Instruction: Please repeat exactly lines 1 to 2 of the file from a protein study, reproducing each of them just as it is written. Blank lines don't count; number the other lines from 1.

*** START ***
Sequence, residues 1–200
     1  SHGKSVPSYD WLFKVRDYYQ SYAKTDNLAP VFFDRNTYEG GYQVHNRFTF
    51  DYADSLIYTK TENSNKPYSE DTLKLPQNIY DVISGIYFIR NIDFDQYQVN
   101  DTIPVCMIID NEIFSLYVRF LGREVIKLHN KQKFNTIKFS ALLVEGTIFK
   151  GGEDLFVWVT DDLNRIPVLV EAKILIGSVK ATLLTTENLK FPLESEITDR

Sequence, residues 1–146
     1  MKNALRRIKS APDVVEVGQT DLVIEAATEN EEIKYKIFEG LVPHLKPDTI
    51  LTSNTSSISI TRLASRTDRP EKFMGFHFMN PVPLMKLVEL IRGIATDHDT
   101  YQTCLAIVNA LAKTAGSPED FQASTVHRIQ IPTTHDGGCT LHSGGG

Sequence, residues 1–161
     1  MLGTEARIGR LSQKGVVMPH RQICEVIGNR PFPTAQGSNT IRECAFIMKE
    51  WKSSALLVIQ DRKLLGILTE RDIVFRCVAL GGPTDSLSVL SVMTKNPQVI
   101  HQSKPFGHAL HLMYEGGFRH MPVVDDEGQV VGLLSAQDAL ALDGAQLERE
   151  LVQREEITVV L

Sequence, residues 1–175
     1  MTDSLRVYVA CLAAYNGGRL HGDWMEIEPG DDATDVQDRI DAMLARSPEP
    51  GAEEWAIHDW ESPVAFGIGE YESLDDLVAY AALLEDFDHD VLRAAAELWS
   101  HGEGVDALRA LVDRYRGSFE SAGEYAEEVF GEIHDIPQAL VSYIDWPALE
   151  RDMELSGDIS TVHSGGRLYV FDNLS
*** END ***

Sequence, residues 1–200
     1  SHGKSVPSYD WLFKVRDYYQ SYAKTDNLAP VFFDRNTYEG GYQVHNRFTF